Accenture’s analysis suggests that applied intelligence, driven by analytics, has the potential to shift the P&L equation with double-digit gains in efficiency, productivity and cost savings. The shift to an AI-driven world means changes to the oil and gas job market. According to Accenture, geoscience professionals’ jobs will ‘increasingly be filled by image processing experts from other industries such as high tech or health care*.’ Oils need to realize that ‘expertise triumphs over industry experience.’ ‘To compete with free, companies need to shift focus to providing a service, not selling a commodity at the wellhead. To enable this transition, the entire ecosystem must evolve to ensure molecules are dispatched to end users that exhibit the greatest demand. Expanding collaboration and risk-sharing across ecosystem partners, all the way to the customer, will be key.’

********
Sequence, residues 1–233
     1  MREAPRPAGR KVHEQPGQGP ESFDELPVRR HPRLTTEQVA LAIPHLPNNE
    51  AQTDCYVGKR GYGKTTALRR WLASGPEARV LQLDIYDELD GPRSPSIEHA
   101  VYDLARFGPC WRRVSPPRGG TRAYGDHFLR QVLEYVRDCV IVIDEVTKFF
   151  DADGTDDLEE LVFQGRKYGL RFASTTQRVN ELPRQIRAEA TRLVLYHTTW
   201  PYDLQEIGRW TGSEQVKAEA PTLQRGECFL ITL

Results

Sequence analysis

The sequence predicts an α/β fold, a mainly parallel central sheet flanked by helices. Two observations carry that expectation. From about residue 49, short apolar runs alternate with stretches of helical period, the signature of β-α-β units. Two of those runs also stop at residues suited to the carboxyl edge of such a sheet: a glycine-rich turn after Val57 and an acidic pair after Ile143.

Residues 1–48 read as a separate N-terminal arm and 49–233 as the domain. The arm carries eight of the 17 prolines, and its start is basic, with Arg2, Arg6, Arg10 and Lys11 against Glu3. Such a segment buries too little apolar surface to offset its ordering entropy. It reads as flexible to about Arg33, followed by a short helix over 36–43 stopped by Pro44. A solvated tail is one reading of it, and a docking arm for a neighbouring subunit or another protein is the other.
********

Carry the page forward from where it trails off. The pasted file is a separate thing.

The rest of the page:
* This claim merits a health warning! Geoscientists are already to a large extend ‘image processing experts’ witness the huge seismic imaging market and the use of image processing tools (Aviso, Geoteric and others). This is a typical ‘grass is greener on the other side of the fence’ claim, assuming that the reader has a poor knowledge of the state of the art in the other (healthcare) field.